What does poetry have to do with business? That’s what the finance team asked when David Kressler, fresh out of graduate school with a doctorate in English lit and poetry, showed up to the finance committee meeting of the executive board on his first day on the job at Ford Motor Co.
Kressler had been having a rough time finding a job related to his new degree. It was the late 1970s, and university jobs were scarce. He had spent three years in the Army with two deployments to Vietnam. He was willing to try anything that would pay the bills. As it turned out, having a degree in English literature and poetry would pay off. “That gave me a much broader perspective than a pure finance or accounting degree,” says Kressler, now a full-time senior lecturer at the University of Maryland’s Robert H. Smith School of Business.
He applied his keen attention to literary detail to Ford’s financials. After a short time, he was selected to spend six months in Taubaté, Brazil, to help with the launch of Ford’s four-cylinder engine. He spent a few years at Ford, then moved to finance positions elsewhere, including at the American Psychological Association and at SPOT Image, where he was CFO.
Perhaps it was that creative degree that brought out his entrepreneurial side, reinforced by the structure and discipline he gained in the military. In 1995, Kressler, “tired of making money for someone else,” decided to start his own business. As an avid cook with strong financial management experience, he launched a restaurant – a deli-type breakfast and lunch place with catering in downtown Washington, D.C. To perfect the business model, he worked every job he had, from dishwashing to managing the grill, so he could figure out how to make each job as efficient as possible. “I had my business model very tight,” he says. With that, he was able to replicate it with several more locations.
After several years, Kressler was growing tired. “The restaurant is a very physical world,” he says. “As you get older, there’s less and less appeal.” One day, someone made an offer to buy his business, and he agreed and moved onto his next venture: day trading.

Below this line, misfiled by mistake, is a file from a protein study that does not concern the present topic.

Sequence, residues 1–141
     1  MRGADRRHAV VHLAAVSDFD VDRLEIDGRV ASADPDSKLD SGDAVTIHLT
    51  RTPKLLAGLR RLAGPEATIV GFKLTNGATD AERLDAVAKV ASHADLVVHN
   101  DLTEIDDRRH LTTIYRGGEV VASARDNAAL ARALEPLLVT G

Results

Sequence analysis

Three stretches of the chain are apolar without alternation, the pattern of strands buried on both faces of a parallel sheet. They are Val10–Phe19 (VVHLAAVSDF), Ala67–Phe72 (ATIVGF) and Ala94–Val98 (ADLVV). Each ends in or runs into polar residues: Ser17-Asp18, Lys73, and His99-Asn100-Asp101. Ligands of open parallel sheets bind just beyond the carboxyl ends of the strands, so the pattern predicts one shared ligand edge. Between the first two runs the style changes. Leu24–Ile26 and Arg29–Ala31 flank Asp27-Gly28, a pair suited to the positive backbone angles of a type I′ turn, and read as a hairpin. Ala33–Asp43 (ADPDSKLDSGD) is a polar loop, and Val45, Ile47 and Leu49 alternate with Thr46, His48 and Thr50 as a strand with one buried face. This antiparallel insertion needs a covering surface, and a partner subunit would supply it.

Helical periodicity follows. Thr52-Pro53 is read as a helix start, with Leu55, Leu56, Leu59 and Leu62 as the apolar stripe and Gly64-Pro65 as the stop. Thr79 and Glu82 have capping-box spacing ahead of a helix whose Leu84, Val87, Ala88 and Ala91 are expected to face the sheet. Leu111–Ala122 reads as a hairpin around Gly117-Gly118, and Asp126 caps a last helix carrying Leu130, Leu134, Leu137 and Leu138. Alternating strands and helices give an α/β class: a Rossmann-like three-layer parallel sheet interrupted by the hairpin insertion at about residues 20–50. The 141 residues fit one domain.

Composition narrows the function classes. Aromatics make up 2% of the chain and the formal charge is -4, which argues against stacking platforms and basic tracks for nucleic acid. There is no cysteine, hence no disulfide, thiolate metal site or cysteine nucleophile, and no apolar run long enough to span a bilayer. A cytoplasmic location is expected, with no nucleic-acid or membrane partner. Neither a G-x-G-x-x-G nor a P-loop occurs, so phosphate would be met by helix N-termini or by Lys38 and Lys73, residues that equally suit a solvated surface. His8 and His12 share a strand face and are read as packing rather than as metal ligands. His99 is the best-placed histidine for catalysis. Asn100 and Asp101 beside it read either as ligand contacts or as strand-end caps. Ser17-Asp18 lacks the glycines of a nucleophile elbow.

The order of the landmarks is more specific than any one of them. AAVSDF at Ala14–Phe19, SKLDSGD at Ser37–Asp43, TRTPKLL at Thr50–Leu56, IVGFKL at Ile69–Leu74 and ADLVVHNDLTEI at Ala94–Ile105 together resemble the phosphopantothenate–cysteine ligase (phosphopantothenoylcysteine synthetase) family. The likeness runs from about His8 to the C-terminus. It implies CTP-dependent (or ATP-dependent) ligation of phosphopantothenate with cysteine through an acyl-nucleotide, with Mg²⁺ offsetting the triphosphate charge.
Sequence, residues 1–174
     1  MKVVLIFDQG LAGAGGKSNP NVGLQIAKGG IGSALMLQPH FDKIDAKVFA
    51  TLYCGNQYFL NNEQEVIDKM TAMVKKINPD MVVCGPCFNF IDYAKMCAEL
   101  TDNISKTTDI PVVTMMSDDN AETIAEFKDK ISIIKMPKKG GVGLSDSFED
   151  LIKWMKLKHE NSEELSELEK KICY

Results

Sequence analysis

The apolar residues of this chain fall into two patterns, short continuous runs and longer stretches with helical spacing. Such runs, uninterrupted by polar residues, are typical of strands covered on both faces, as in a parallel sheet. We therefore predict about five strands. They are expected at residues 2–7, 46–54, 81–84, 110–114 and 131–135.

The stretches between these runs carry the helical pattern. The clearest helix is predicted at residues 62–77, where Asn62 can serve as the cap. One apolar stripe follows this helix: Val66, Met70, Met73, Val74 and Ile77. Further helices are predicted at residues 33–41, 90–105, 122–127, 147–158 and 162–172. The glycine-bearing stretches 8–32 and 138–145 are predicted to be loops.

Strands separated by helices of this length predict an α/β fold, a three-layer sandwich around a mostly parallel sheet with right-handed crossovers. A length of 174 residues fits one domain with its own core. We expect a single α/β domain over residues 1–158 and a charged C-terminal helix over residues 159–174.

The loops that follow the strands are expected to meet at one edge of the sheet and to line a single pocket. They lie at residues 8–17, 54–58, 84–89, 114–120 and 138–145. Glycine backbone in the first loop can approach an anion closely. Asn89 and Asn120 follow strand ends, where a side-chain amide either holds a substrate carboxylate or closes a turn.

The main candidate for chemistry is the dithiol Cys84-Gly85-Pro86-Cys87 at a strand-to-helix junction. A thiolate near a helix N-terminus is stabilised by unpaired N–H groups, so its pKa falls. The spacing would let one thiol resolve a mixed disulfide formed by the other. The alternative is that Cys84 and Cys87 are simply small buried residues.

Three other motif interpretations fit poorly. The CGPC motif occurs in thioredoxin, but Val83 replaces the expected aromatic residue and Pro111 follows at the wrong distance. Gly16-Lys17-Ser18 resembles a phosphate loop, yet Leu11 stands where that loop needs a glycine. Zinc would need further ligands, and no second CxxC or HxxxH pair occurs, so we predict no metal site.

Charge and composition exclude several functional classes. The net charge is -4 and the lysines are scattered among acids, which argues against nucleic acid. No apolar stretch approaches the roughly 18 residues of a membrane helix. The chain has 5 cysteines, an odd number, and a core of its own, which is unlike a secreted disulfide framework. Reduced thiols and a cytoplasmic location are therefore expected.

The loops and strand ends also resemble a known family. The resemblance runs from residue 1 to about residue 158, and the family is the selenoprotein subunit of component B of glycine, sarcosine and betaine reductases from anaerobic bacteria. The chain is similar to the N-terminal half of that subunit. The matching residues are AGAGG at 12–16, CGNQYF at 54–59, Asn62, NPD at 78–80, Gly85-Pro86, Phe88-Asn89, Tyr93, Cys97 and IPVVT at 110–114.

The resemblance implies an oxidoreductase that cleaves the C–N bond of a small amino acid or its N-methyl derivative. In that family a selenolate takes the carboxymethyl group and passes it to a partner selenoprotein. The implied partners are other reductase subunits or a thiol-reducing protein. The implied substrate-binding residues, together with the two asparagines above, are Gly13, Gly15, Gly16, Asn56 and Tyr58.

While day trading was very profitable, it felt lonely compared to the vibrancy of the restaurant business, with all its daily interactions. Soon, he would start his own portfolio. And for the next 18 years, he and a business partner would manage that. And Kressler would begin teaching at Maryland Smith as an adjunct faculty member. He enjoys working with students, whom he found are “much smarter than what they are given credit for.”
Today, he teaches strategy and entrepreneurship full time. In his entrepreneurship class, students have to start and run a business. Some, he says, set up successful businesses from the start. But he most enjoys watching the ones who are not successful right away. “I am more interested in the teams that are struggling,” he says, “because that’s where the learning is.”
–By Rin-rin Yu, special writer to Maryland Smith.
Media Relations Manager
About the University of Maryland's Robert H. Smith School of Business
The Robert H. Smith School of Business is an internationally recognized leader in management education and research. One of 12 colleges and schools at the University of Maryland, College Park, the Smith School offers undergraduate, full-time and part-time MBA, executive MBA, online MBA, specialty master's, PhD and executive education programs, as well as outreach services to the corporate community. The school offers its degree, custom and certification programs in learning locations in North America and Asia.